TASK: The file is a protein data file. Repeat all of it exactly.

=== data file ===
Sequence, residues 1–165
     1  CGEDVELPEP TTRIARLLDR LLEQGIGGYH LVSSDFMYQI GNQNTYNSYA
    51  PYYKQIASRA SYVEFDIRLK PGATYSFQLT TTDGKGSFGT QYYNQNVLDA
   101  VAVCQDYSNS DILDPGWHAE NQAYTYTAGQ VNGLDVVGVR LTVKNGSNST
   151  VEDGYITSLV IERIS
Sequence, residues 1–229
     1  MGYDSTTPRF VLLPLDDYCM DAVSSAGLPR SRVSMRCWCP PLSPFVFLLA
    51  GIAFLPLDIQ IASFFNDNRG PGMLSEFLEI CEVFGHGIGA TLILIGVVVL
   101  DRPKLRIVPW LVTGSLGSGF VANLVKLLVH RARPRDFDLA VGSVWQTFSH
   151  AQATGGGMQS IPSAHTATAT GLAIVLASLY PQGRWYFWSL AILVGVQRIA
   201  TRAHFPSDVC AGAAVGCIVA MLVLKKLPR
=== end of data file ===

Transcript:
Sequence, residues 1–165
     1  CGEDVELPEP TTRIARLLDR LLEQGIGGYH LVSSDFMYQI GNQNTYNSYA
    51  PYYKQIASRA SYVEFDIRLK PGATYSFQLT TTDGKGSFGT QYYNQNVLDA
   101  VAVCQDYSNS DILDPGWHAE NQAYTYTAGQ VNGLDVVGVR LTVKNGSNST
   151  VEDGYITSLV IERIS
Sequence, residues 1–229
     1  MGYDSTTPRF VLLPLDDYCM DAVSSAGLPR SRVSMRCWCP PLSPFVFLLA
    51  GIAFLPLDIQ IASFFNDNRG PGMLSEFLEI CEVFGHGIGA TLILIGVVVL
   101  DRPKLRIVPW LVTGSLGSGF VANLVKLLVH RARPRDFDLA VGSVWQTFSH
   151  AQATGGGMQS IPSAHTATAT GLAIVLASLY PQGRWYFWSL AILVGVQRIA
   201  TRAHFPSDVC AGAAVGCIVA MLVLKKLPR